A couple of posts ago I wrote about photographic style. In a simplistic nutshell, style is how our photographs, as a whole, look. It is the tangible or digital manifestation of work. Style helps to give identity to our work and connect it to us, as the artist. Among many of the photographers whose work I most admire, I can usually tell who photographed what by their individual style.
Styles will evolve over time, or even differ between respective subject matter or projects.
Vision is less easy to define, because it is so encompassing. Vision is who we are, as individuals. It is a culmination of everything we have witnessed, things we have done, feelings we have expressed or hidden, and our personal likes and dislikes. It is how we were brought up and what we were taught, how we rebelled against parts of both. It is our interests and passions. It is why we do what we do.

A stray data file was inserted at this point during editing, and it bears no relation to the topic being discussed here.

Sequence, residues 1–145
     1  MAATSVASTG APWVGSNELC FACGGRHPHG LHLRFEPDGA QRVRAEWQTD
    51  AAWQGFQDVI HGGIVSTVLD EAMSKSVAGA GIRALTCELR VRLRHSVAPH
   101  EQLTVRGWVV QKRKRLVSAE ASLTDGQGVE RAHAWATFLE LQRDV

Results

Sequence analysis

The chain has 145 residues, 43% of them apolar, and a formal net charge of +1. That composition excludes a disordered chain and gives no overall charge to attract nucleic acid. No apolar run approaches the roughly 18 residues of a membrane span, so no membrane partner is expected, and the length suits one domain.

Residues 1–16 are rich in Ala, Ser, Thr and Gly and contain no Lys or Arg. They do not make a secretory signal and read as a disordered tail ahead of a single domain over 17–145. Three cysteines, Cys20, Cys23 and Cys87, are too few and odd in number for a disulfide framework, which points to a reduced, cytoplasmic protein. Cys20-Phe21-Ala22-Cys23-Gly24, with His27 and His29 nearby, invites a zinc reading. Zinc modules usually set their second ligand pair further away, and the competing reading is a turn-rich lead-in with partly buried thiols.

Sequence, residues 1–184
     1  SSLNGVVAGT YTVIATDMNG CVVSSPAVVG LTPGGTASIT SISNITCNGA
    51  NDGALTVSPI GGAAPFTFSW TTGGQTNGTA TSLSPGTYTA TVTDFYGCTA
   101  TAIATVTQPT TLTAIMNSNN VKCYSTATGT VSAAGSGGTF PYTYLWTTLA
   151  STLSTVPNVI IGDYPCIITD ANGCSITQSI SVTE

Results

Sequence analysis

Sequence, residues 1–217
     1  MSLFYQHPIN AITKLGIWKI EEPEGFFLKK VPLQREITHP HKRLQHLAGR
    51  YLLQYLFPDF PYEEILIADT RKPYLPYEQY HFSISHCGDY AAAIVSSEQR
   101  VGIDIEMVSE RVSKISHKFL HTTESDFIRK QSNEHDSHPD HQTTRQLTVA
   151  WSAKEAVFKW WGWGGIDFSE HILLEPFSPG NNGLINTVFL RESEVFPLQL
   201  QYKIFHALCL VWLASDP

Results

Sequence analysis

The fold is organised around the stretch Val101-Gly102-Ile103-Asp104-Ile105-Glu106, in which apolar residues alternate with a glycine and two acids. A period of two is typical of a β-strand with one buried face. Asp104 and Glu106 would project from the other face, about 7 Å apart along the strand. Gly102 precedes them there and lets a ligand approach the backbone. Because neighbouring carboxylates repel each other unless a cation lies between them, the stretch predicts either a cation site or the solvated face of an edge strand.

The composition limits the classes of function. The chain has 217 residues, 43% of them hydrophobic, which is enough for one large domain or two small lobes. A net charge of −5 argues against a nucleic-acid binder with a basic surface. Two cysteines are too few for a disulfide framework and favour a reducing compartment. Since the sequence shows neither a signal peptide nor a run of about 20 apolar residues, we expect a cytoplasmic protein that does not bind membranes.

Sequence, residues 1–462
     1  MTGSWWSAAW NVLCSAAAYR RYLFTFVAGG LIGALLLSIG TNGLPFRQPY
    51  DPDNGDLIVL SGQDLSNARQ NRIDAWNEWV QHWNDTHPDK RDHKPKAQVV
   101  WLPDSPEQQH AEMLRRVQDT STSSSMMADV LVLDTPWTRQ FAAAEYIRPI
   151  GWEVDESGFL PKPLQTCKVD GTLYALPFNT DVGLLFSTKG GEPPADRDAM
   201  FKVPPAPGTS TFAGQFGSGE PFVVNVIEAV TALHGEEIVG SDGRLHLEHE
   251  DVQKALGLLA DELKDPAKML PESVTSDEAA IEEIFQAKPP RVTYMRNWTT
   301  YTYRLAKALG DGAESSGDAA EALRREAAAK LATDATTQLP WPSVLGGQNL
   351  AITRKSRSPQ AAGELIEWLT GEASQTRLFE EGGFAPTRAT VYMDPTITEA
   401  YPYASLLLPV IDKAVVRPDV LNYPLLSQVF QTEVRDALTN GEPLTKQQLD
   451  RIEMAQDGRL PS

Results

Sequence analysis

Think of vision as our photographic soul.
It is not something we develop or work on. It is not something we can hope to find, because we already possess it. The best photographers go with the flow of their vision, be honest to it, and allow themselves to be unique and to say something meaningful.